He’s Gone by Alex Clare Impress Books
HE’S GONE is the first in a gripping police procedural series with a transgender detective – a compelling, fast-paced, and assured crime fiction series with a contemporary and relevant heroine.
On her first day returning to work as Robyn rather than Robin, DI Bailley is thrust into the media spotlight when she must solve a missing child case whilst dealing with the reactions of her colleagues, the local community, and her.
Its always interesting to read new authors and especially those with a slightly different perspective and I’m thrilled to be a sharing an extract from Alex Clare’s He’s Gone.
Robyn scurried through the door into the dim lobby of the police station. The desk sergeant was playing with his mobile, top two shirt buttons undone, no tie. Robyn opened her mouth then decided she couldn’t face a confrontation over the dress-code at this precise moment.
‘Good morning.’ The voice was too squeaky because she hadn’t practised enough. Talking to herself at home had made her feel crazy. ‘Morning, sir.’ The usual response. Robyn kept moving. She was determined not to stop, not to let others’ reactions bother her. She knew he didn’t mean anything bad, reasoning that if it had taken her over forty years to
have the confidence to declare herself a woman, she had to allow everyone else time. She concentrated on walking because the tape between her legs was pushing them apart making her feel like a gunslinger entering a saloon. The new shoes, bought over the internet in a size nine-and-a-half, claimed to be for women but didn’t look much different to her old ones. She was grateful she hadn’t risked heels.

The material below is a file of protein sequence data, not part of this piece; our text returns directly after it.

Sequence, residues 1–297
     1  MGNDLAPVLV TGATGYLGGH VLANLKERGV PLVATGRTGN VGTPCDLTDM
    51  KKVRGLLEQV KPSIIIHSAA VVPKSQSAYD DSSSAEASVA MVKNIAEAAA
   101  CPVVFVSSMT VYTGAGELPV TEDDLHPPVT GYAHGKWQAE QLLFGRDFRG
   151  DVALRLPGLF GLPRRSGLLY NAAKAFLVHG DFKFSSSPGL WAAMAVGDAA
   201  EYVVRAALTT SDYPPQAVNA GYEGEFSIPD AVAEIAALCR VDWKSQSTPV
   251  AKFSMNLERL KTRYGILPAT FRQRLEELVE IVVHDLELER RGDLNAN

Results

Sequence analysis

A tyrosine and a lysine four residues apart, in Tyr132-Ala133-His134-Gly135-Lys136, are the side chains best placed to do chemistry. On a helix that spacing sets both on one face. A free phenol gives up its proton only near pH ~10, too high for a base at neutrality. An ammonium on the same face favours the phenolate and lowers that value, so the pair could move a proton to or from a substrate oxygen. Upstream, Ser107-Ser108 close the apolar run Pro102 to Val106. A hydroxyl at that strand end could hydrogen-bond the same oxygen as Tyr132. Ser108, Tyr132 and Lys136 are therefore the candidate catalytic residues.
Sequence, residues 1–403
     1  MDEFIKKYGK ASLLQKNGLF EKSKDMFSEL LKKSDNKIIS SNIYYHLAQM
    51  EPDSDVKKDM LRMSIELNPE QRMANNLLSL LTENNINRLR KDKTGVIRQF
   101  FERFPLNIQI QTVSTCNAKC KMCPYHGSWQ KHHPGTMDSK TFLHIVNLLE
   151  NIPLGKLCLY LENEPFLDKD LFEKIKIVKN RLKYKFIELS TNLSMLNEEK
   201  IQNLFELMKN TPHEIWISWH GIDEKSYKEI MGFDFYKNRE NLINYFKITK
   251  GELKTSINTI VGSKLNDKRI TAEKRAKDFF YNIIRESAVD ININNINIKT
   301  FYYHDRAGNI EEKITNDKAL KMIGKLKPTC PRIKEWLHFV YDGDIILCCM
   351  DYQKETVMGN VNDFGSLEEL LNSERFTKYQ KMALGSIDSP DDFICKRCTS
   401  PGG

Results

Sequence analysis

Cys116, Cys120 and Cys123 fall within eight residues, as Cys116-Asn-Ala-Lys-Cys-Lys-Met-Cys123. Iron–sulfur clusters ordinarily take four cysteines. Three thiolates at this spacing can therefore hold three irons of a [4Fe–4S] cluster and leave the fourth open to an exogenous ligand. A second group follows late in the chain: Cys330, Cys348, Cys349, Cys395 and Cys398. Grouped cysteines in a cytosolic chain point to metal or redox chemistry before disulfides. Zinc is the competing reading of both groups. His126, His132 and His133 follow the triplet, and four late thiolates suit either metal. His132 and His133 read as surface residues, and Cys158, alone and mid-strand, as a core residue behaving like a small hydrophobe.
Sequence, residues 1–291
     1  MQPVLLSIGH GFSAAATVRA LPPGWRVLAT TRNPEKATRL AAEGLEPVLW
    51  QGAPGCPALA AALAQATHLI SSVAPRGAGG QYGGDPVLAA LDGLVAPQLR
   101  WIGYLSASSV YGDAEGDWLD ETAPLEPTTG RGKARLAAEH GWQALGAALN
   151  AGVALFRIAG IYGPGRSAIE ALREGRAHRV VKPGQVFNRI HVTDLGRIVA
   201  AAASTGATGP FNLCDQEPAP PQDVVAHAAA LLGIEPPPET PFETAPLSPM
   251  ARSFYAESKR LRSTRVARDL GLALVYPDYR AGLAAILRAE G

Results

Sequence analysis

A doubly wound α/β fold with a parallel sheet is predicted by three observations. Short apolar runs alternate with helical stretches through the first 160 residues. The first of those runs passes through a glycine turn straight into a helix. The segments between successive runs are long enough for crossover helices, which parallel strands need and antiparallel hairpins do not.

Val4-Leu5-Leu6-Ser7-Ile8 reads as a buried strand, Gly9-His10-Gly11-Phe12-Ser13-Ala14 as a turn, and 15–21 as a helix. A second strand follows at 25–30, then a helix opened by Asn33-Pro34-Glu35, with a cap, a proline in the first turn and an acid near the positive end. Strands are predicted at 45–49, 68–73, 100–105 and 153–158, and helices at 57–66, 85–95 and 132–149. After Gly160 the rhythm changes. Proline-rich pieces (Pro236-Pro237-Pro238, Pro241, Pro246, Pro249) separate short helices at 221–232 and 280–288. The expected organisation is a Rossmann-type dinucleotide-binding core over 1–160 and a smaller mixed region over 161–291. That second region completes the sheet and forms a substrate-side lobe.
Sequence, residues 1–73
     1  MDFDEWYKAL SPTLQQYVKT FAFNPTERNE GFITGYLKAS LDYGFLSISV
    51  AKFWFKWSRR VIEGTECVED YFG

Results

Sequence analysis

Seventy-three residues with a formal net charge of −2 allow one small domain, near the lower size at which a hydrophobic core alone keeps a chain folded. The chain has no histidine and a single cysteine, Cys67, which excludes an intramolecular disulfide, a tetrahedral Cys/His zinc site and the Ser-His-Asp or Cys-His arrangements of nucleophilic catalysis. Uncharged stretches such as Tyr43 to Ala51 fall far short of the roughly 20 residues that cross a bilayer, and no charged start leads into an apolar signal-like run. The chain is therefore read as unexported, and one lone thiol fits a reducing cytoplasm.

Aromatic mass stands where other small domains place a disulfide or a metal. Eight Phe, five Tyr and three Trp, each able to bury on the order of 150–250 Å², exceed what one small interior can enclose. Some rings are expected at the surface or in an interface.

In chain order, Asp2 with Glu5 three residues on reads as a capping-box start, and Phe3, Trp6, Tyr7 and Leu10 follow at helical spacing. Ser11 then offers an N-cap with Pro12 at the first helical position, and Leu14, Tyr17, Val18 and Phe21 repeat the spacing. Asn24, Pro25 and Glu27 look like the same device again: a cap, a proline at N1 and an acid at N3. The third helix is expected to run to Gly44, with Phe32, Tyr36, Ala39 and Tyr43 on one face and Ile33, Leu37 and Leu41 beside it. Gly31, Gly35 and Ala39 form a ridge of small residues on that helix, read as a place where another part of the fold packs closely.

Along the corridor, the notices on the staff board had new ones pinned over them. The same bulb was out near the lift where a knot of people waited, a woman in a black suit standing apart, tapping into a BlackBerry. Chatter about a local girl’s chances on Superstar Seeker stopped, leaving a sudden absence of conversation. The thought
of standing and waiting in silence wasn’t appealing so she kept on moving towards the stairs. Robyn was past the group when she heard the HR Business Partner.
‘Ah, DI Bailley, welcome back. Good break?’
Robyn opened her mouth but the woman hadn’t finished. ‘Relaxing, I hope? We’re all glad to have you back.’ One civilian worker was gazing at Robyn and another, with equal intensity, at the floor. Robyn stopped, wondering what to do with her hands as the speech went on. ‘It’s always good to take holiday early in the summer I think, don’t you?’ The woman flicked her highlighted hair behind one ear. ‘You get a good break and things aren’t so crowded. I’m going away soon myself …’
The lift arrived and people shuffled forward. The tall woman answered an unspoken question by holding the doors open with her briefcase.
‘Well, good to catch up, DI Bailley. If you need anything, do let me know.’
The doors closed. There had been lots of meetings with HR in the last few months and presumably there would have to be more. Robyn made a note to keep arranging them for late in the day when she could have a stiff drink afterwards. As she trudged up the stairs to the second floor, Robyn wondered what conversations were now taking place. The tape around her groin rubbed every time she raised her foot but being back in the bland,
familiar building was soothing. She took a deep breath on the last landing, clinging to the belief that everything would be fine. The team’s morale was strong, she’d spent two years building it up, which was why she hadn’t taken up the superintendent’s offer of a transfer to a new station. But it didn’t say much for her opinion of them, when she